UN agency launches scheme to drive down cost of remittances to rural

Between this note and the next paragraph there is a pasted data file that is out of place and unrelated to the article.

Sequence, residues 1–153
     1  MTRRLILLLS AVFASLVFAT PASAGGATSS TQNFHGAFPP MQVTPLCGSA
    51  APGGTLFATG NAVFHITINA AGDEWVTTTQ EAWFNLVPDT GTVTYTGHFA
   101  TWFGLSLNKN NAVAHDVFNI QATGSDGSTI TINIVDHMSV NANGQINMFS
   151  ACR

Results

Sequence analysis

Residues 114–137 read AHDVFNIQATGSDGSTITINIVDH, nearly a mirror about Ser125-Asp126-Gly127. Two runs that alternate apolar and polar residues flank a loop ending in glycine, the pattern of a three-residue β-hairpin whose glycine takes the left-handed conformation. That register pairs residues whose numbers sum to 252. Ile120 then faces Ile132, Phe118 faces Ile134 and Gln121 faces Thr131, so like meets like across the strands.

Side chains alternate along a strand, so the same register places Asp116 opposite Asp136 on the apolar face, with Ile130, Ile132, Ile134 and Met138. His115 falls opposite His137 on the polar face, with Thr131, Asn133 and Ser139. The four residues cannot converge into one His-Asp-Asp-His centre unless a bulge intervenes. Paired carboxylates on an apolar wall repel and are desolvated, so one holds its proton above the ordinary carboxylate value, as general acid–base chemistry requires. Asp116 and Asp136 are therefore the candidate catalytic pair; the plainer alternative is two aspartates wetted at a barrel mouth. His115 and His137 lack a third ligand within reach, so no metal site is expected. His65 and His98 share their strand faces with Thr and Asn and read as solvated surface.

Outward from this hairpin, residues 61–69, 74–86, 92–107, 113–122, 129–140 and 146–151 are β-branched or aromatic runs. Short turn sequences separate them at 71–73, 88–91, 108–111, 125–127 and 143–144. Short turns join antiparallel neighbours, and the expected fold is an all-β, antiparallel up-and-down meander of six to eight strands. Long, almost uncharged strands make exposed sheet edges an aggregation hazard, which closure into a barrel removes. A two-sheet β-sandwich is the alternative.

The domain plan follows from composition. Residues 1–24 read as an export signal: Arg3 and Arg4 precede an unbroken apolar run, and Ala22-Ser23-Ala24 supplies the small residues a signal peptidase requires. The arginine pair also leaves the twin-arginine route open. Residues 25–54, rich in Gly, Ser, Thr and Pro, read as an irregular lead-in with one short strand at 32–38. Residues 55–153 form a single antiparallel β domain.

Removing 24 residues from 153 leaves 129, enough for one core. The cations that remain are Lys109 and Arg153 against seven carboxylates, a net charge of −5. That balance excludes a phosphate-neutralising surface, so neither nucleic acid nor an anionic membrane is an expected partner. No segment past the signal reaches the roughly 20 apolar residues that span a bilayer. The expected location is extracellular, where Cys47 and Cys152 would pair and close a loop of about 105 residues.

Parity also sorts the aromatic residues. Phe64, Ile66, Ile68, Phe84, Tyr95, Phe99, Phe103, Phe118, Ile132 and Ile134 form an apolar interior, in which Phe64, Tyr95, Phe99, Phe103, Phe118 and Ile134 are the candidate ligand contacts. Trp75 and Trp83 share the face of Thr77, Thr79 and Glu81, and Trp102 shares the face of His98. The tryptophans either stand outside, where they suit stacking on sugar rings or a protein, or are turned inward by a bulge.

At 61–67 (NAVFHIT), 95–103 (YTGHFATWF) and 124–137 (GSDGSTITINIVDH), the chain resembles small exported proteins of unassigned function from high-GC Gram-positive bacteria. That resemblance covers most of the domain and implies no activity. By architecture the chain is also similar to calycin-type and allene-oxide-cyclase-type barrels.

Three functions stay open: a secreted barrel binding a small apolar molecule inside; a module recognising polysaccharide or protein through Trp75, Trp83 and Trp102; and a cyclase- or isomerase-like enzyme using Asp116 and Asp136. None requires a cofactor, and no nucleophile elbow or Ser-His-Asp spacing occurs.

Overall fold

The International Fund for Agricultural Development (IFAD) unveiled the $10 million Financing Facility for Remittances in Guatemala City, Guatemala, on Sunday, with the first round of grant recipients expected to be selected and announced later this year.More than $250 billion is sent in remittances every year, according to some estimates, easily outstripping the total amount of overseas development assistance to poor countries.Pedro de Vasconcelos, the coordinator of IFAD’s new funding scheme, said “remittances are a vital lifeline for rural families around the world. These transfers go directly to improve the living standards of millions and millions of poor households.”But while competition has driven down the cost of remittances services between major cities, it remains more expensive to send money to rural areas, which often lack formal financial services.The new financing facility will give funding priority to those projects or proposals which link remittances with the provision of other financial services, such as savings, insurance and loans. It will assist financial institutions which either want to provide remittances services directly or as agents of banks or money transfer companies.Donald F. Terry, manager of the Inter-American Development Bank’s Multilateral Investment Fund, said the positive impact of remittances rises dramatically when tied to other financial services.“The challenge is to find mechanisms that will turn remittances from a poverty reduction plan to a development tool, benefiting millions of poor families and their communities,” he said.The new scheme has been set up with the financial support of the European Commission, Luxembourg, the UN Capital Development Fund, the Consultative Group to Assist the Poor and the Inter-American Development Bank. 20 March 2007The United Nations agency dedicated to eliminating rural poverty has launched a global initiative to try to reduce the cost of remittances services, where workers living in foreign countries send money back to their families, to rural households. read more